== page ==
Distortions in the Mexican Labor Market
30 Pages Posted: 3 May 2010
Date Written: April 23, 2010
The variation of real wages in the Mexican labor market has been very large over the last three decades, either measured in dollar terms or adjusted by national price indexes. The overall economic activity has also been subject to three episodes of Depression-sized business cycles. This paper uses aggregate data to measure distortions in the labor market, which can be part of an explanation. The main question is how much of the difference between the marginal product of labor and the marginal rate of substitution between consumption and work can be explained by the distortions we identify. A main conclusion is that the evolution of taxation explains a large part of the variation over time of the measured distortions. Very high tax rates during the early eighties generated high deviations between the marginal product of labor and the marginal rate of substitution, a gap that has decreased since then. A “wage puzzle” arises due to the difference between two measurements of the marginal product of labor: one based upon labor inputs and the other on market wages. The measurement based on real wages shows a huge fall at the beginning of the end of the centralized planning-total protectionism times of the early eighties. However, it seems that the move from generalized regulations on trade and industry and foreign exchange markets towards a freer economic regime was associated with very large changes in relative prices and an adjusted measurement of real wages dissolves the puzzle. Besides taxation, we consider also inflation as a source of the gap between marginal product of labor and the marginal rate of substitution. Inflation has been a very large tax, often reaching levels equivalent to one fifth of total tax collections or more.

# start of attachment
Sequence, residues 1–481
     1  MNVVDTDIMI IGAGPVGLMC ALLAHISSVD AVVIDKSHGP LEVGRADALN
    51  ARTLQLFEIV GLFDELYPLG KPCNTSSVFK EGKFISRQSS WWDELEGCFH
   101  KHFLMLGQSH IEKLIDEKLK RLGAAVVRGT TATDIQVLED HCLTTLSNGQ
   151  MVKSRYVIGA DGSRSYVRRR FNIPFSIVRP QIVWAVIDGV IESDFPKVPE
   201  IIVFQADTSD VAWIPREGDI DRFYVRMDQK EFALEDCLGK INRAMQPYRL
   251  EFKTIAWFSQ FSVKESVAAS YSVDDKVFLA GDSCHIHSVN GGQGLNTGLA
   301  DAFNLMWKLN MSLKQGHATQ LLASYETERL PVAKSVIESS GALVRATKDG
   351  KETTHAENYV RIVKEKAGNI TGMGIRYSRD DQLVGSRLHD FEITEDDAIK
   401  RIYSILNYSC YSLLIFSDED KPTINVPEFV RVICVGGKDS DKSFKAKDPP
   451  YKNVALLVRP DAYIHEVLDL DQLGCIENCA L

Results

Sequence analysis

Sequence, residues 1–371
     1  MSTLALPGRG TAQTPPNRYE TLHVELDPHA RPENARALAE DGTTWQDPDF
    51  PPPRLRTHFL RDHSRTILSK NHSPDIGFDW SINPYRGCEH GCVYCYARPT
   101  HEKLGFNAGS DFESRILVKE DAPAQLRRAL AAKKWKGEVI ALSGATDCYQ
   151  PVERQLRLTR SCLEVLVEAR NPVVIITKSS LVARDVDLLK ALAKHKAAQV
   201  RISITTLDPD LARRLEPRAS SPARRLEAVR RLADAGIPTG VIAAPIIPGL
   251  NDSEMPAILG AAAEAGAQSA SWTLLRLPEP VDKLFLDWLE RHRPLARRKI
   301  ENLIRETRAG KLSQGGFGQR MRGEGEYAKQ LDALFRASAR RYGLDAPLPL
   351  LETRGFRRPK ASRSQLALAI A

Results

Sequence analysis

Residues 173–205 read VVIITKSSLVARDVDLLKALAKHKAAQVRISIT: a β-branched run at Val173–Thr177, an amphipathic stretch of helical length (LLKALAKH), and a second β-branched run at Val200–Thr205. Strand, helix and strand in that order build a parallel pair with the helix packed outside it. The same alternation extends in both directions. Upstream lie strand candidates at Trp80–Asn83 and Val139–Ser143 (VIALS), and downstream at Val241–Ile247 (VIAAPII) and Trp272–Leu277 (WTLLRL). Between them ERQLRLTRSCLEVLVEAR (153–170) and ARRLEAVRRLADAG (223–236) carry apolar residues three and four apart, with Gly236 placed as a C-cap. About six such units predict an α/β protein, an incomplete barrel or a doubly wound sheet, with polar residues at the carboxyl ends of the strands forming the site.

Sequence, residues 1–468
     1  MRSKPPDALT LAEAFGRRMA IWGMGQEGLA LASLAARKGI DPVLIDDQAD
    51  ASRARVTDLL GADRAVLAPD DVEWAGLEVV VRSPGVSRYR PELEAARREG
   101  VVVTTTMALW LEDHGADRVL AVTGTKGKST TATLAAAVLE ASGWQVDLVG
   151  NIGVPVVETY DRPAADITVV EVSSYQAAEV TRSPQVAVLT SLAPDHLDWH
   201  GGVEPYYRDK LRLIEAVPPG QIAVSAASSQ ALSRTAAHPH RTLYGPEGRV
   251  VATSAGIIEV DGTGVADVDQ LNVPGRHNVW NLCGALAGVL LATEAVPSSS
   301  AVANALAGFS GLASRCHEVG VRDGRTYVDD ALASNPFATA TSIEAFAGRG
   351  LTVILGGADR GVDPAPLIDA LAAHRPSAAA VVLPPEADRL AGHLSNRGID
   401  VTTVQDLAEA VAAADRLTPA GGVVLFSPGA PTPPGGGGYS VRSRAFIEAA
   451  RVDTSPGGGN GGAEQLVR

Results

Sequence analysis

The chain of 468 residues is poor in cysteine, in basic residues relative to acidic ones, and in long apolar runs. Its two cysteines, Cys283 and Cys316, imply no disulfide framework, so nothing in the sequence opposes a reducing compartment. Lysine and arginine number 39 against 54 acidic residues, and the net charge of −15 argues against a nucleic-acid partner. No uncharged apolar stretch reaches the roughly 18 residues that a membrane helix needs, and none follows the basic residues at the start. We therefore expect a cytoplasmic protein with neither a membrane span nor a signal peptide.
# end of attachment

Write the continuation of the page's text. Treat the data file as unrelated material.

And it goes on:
Keywords: Mexico, Distortions, Labor Market, Taxes
JEL Classification: E24, J31, O54
Suggested Citation: Suggested Citation